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Painting a bike?

Old 08-25-14, 01:08 PM
  #1  
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Painting a bike?

I picked up a used bike for next to nothing and have since purchased a better all carbon bike so looking to unload the old one. The problem is it was painted with what looks like spray can paint chipping and coming off. I want to figure out how to get the cheap paint off and possible even the original paint and doing it over with original decals before selling.

Can anyone point me to a good tutorial on how to strip the old paint and if I would even need to strip the original paint or not? Also what type of paint I should use for the new one and how to get decals. I already have a paint *** so just need basic info and pointed in the right direction.
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Old 08-25-14, 01:48 PM
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IMO home painting is rarely worth it. Whatever you can apply will be much softer than the factory paint and a lot more prone to chipping and scratching. These days, scouring the surface, a good clean and then Hammerite applied with a brush is what I do if I think I have to. If ever I'll want a better result I'll drop the bike off to be sandblasted and then Powdercoated.
But there are several ways to get a bike back to bare metal. Some start by scraping them down with an industrial razor blade. Some use a steel brush wheel in an angle grinder. Some go the chemical route.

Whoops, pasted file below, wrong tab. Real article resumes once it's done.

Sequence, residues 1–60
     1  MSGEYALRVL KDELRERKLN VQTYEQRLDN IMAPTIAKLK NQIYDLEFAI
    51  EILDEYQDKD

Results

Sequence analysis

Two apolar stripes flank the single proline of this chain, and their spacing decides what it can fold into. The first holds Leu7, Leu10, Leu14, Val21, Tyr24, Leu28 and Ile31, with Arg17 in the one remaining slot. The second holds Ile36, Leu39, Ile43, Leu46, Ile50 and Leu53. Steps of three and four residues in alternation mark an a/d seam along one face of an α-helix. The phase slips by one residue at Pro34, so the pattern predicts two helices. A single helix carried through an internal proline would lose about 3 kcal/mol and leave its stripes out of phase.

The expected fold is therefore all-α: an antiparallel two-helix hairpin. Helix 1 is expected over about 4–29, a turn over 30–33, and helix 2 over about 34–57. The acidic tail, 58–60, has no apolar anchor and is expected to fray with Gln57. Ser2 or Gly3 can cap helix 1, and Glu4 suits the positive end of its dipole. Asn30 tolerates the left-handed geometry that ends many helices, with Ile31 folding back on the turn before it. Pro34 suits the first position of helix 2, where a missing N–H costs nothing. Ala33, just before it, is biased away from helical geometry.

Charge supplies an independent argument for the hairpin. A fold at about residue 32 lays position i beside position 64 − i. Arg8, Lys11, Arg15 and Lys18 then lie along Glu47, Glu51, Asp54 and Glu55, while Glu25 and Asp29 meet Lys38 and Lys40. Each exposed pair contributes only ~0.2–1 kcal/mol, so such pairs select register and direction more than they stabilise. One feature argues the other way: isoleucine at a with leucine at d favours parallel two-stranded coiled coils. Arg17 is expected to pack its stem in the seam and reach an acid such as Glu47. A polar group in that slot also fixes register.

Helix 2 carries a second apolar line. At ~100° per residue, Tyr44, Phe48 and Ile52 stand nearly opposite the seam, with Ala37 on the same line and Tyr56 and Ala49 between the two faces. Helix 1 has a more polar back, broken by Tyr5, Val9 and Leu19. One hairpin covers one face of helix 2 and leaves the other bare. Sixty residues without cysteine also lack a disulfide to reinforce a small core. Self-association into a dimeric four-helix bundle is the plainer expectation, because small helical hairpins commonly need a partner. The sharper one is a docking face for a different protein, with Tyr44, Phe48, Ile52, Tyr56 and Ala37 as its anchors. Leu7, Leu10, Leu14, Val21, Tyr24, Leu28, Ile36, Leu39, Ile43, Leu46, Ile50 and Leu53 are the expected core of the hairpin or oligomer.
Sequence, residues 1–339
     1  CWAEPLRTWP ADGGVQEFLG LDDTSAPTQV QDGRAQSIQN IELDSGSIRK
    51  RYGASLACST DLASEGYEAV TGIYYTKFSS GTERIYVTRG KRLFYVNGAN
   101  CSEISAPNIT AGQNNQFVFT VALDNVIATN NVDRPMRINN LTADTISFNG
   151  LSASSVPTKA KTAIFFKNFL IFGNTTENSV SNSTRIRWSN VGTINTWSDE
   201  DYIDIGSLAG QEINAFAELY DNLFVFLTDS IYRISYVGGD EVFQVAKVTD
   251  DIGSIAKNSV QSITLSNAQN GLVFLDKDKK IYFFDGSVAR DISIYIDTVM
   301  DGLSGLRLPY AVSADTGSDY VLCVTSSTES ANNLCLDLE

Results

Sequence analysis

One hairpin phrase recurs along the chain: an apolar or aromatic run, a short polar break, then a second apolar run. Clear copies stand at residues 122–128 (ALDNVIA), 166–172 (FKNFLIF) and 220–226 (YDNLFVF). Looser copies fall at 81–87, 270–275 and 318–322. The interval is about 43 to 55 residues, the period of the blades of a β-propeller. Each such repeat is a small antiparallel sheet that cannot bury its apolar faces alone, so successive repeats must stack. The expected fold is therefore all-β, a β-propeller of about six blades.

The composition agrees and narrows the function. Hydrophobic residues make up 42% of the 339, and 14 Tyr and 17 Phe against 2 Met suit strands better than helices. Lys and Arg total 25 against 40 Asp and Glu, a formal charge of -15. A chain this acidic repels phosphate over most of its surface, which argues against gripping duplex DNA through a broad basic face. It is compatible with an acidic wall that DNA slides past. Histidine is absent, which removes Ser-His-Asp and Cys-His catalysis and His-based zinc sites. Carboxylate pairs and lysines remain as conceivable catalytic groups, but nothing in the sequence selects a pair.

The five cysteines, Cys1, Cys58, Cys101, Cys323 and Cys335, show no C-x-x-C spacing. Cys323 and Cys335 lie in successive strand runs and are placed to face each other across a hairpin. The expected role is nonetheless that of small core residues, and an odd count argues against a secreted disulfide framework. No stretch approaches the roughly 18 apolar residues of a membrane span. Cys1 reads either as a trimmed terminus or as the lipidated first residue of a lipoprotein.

Pick method according to frame material. Can't do wire brush on aluminium for instance.
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Old 08-25-14, 02:41 PM
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Originally Posted by dabac View Post
IMO home painting is rarely worth it. ....
I paint using the Chromax automotive system (formerly DuPont) paint at home. It's a a pain but the results are pro. You need the right gear and setup (HVLP ***, respirator, tent). Agree that it's really not worth it unless you dig doing it as an end in itself.
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Old 08-25-14, 02:44 PM
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Doubt the effort and expense will be repaid when you sell the bike, but I can see doing this just for the learning and fun of it.
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Old 08-25-14, 03:05 PM
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Originally Posted by Looigi View Post
I paint using the Chromax automotive system (formerly DuPont) paint at home. It's a a pain but the results are pro. You need the right gear and setup (HVLP ***, respirator, tent). Agree that it's really not worth it unless you dig doing it as an end in itself.
I have a both, respirator, ***, and air already setup for ceramic art I spray from time to time. Is this system something I need to "bake" or just apply and allow it to dry?
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Old 08-25-14, 03:06 PM
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Originally Posted by jyl View Post
Doubt the effort and expense will be repaid when you sell the bike, but I can see doing this just for the learning and fun of it.
Your probably right, I just figured since I already have a setup to "spray" all I would do is break the bike down and buy the paint. If that's the case I would be well ahead of the game in regards to costs as most will just entail labor.